Smart-grid technology has the ability to turn the electrical power grid into the most efficient supply system in the world, and it’s right in Westchester’s grasp. Through a coalition called the Northern Westchester Energy Action Consortium (NWEAC), the municipalities of Peekskill, Mount Kisco, and Bedford are all involved in trying to get smart-grid technology, which monitors both electricity production and consumption.
“Currently, we have a ‘dumb’ grid because the information only comes one way,” says Leo Wiegman, mayor of Croton and executive vice president of Croton Energy Group. That one-way flow is directed solely to the consumer, Wiegman notes, with none of the information flowing back to the utility companies.
So, instead of meters on each home that average out energy consumption for a month (which do not always produce an accurate measure of personal consumption), smart-grid technology would allow for one sophisticated meter on each distribution line (up to 2,000 homes) to track energy usage by the minute. The benefit? Energy companies can use the info to control how much energy they send out and avoid brownouts and surges.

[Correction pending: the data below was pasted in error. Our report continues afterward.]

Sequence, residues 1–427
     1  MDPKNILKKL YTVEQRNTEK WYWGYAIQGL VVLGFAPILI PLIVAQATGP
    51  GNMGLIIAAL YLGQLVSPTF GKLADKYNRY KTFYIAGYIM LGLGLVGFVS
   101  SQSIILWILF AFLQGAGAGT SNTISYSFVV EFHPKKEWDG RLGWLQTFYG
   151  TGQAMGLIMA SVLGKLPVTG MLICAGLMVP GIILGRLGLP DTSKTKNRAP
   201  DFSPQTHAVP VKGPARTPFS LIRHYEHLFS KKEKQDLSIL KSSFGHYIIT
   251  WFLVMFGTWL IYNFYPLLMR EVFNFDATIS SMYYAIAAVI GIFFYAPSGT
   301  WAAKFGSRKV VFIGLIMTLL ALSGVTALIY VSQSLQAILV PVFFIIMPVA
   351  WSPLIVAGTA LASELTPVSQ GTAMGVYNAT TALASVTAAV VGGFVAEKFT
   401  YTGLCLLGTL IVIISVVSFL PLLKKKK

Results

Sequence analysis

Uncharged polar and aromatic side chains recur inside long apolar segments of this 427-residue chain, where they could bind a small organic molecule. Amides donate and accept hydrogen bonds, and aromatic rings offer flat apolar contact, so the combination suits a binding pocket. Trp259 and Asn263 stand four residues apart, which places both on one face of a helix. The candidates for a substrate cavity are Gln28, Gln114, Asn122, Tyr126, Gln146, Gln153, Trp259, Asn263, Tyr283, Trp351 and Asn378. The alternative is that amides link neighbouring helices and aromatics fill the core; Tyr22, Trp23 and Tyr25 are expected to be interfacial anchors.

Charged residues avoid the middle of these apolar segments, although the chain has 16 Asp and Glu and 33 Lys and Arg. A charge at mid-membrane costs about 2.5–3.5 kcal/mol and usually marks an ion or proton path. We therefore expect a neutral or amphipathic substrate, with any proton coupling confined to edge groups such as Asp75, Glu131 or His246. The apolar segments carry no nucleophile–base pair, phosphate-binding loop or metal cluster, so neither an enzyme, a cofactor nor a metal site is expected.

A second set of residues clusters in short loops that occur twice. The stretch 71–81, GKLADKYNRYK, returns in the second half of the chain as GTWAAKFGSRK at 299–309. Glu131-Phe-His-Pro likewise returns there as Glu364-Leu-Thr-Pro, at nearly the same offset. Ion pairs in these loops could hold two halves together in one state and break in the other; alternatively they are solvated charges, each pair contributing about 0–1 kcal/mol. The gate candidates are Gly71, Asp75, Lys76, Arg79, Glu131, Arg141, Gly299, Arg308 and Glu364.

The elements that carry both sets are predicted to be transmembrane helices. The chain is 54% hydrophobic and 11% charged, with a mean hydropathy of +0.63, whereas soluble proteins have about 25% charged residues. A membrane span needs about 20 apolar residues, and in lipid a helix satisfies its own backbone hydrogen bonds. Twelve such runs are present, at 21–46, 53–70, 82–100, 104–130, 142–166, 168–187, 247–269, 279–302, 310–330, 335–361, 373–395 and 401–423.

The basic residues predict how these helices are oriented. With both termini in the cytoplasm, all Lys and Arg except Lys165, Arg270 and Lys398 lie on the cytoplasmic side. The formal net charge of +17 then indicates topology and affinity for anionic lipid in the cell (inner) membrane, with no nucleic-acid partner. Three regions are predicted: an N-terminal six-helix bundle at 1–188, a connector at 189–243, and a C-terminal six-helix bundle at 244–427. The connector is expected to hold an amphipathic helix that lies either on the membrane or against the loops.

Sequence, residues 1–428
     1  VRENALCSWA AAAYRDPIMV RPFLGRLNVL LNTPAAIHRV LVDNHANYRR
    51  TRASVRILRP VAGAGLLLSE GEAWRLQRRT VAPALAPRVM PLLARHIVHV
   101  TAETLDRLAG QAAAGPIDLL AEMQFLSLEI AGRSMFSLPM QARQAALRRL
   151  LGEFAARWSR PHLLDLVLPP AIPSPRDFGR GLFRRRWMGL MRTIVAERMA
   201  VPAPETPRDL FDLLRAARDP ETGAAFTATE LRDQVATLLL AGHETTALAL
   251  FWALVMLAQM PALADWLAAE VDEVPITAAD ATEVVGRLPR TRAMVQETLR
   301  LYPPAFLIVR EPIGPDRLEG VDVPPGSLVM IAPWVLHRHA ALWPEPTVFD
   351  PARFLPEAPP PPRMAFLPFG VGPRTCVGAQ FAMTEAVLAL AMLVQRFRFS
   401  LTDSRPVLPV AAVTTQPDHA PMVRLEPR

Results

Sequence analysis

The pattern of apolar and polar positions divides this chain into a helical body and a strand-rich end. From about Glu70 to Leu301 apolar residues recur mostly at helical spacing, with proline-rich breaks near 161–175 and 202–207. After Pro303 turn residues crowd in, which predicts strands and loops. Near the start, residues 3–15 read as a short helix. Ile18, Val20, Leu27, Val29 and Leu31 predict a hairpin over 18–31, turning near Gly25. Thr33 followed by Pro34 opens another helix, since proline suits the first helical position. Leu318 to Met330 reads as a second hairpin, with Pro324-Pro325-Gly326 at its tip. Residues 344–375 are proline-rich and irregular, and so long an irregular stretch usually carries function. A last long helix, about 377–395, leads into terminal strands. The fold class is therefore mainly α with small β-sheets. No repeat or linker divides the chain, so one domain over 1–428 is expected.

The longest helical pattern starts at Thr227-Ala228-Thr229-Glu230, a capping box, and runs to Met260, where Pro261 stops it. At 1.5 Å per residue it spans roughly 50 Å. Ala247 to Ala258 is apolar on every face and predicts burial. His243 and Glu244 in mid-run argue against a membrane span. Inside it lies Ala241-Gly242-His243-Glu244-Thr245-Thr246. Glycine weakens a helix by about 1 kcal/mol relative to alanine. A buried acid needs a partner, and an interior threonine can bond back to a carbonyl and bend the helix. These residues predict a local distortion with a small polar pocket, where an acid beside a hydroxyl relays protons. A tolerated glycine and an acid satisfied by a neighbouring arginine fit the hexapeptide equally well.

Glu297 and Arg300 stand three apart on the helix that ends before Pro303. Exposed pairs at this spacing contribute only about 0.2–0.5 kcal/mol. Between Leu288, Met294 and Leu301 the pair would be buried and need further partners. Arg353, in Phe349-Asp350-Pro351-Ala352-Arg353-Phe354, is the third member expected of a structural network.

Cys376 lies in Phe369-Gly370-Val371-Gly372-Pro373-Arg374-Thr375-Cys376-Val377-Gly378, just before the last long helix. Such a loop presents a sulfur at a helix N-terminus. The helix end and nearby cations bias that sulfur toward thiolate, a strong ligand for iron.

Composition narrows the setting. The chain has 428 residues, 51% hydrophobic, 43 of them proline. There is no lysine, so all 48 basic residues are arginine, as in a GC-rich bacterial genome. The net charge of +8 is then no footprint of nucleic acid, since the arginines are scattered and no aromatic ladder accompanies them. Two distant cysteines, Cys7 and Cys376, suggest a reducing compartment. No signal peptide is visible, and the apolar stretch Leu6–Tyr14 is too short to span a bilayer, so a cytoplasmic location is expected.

Smart grids could actually move money into consumers’ pockets, too, according to Mike Gordon of NWEAC and CEO of Joule Assets Inc., an energy efficiency firm. Implementing smart-grid technology would allow power producers to give customers bonuses for cutting their usage during peak times that strain power plants in very expensive ways.
“That’s called demand response, and it’s a really solid business,” Gordon says. A consumer who is willing to cut down a kilowatt at any time on two hours’ notice—most likely through a smart-phone app—will earn about $30 in Westchester, he maintains. If consumers can cut back on 10 minutes’ notice, they will earn an extra $90 per year.
Gordon says the system would create an opportunity for Westchester residents to earn upwards of $20 million annually. Compare that figure with the $2 million cost to implement a smart grid across Westchester.
The NWEAC has already received permission from ConEd to build a pilot meter for one of their distribution lines in Peekskill but is currently waiting on funding to build the meter, which would cost $60,000 to install. “If we got the funding for the pilot, it could be up and running in twelve to eighteen months,” Wiegman says.He adds that, alternately, if ConEd were to give the consortium permission to attach meters (which the NWEAC would buy independently at market price) to their distribution sites/transformers, the equipment could be installed “overnight” for less than half the projected current price of $60,000. However, he says, ConEd “doesn’t want to hear it.”